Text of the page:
Chicago-based artist Gaylen Gerber’s practice consists largely of monochromes that he calls Backdrops and Supports. In some instances, he invites an artist to intervene on his Backdrops, layering their artwork over his own, often monochromatic painted surfaces or large sheets of paper. In other instances, he layers his Supports over the other artists’ work, sometimes literally painting over them. As a result of this exchange of creative gestures, the monochromes interrogate the still-common conception of an artwork as the discrete expression and production of an individual artist. The monochrome itself becomes a rich signifier considering its important role within art history, which Gerber positions in such a way that his paintings subtly traverse a set of complicated dynamics beyond the picture plane. This exhibition aims to provocatively prod at the imagined boundaries among art objects and the physical and social environments they inhabit in museums. In turn, the artist’s practice complicates the ways that institutions tend to ascribe value to objects and experiences in their stewardship of a permanent collection.
This presentation is the artist’s first monographic exhibition at MCA Chicago, which is comprised of two parts. The first aspect is a visually spare, site-responsive artwork located in the second-floor lobby in which he reprises a conceptual artwork by artist Michael Asher. The second aspect is a color-saturated installation containing Gerber’s Supports, panels that incorporate silver-leafed souvenirs from the exhibition Crossing Through the Colors, a work in situ by artist Daniel Buren, which are presented alongside artworks from the MCA Collection—including work by artists Richard Artschwager, Cady Noland, Jim Nutt, and H. C. Westermann—and an additional work borrowed from DAS INSTITUT (Kerstin Brätsch and Adele Röder) with Allison Katz. Asher’s and Buren’s practices in particular function as points of departure for the exchanges that characterize Gerber’s practice, likewise both components of this project are equally important to the connections he aims to make.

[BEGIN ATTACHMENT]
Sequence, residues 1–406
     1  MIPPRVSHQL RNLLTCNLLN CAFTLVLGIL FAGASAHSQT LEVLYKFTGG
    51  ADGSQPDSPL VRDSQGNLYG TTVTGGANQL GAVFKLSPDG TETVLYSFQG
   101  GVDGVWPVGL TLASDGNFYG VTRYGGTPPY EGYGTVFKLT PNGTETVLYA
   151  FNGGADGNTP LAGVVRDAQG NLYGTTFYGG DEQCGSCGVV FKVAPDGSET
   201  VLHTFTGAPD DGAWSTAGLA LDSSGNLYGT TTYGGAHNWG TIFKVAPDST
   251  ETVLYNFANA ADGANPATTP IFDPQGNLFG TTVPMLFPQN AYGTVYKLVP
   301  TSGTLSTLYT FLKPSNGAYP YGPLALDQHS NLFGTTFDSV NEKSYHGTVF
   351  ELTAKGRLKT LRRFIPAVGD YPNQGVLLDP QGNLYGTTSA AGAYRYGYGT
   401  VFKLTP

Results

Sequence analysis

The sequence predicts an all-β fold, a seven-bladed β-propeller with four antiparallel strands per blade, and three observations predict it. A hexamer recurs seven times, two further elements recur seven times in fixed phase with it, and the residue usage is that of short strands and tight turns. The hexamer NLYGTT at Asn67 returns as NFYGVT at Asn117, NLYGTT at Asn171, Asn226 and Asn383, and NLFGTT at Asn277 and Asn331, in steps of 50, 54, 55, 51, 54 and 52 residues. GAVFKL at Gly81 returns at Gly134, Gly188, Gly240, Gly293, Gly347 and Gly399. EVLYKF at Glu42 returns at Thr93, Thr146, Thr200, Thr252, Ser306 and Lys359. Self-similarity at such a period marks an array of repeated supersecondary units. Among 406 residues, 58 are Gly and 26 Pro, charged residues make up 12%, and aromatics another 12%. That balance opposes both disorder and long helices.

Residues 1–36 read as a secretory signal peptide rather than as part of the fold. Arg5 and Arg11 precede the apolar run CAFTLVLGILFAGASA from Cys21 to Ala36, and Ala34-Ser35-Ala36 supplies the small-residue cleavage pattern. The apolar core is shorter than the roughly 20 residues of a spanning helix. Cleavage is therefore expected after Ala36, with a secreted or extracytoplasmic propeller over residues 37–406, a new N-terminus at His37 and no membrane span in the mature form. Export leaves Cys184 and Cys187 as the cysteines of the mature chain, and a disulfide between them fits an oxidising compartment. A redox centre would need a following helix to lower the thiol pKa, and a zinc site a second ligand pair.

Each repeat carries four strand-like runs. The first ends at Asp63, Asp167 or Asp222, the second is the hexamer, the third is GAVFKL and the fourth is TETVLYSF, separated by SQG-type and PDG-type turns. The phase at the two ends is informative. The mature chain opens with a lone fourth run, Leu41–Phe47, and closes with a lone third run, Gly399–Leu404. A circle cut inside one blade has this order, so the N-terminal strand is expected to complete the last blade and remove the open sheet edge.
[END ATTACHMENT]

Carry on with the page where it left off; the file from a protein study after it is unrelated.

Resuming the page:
In 1979, the MCA commissioned Asher to produce a work for the burgeoning permanent collection. A seminal figure in an art practice called institutional critique, Asher chose to have a selection of aluminum panels removed from the museum’s facade and presented inside the institution’s second-floor lobby. The work came with a caveat: it could only be considered part of the museum’s collection if the act of exhibiting the panels was periodically repeated. This meant reinstalling the panels on the outside of the museum once Asher’s exhibition ended, only to remove them again whenever the work was to be re-presented. The gesture challenged a host of institutional resources and unfortunately proved to be too complicated to repeat. The artwork was deaccessioned from the MCA Collection shortly thereafter.
For this exhibition, Gerber relocates a single panel from the MCA’s current facade to the second-floor lobby, where he will paint the entire space, panel included, with the white latex paint that the museum regularly uses on its walls. This deceptively simple proposition highlights the visitor’s perception of the MCA’s institutional background—both literally and figuratively—recognizing not only an important moment in the museum’s history with Michael Asher but also the much broader and longer history of artists approaching museums as sites to be interrogated and explored.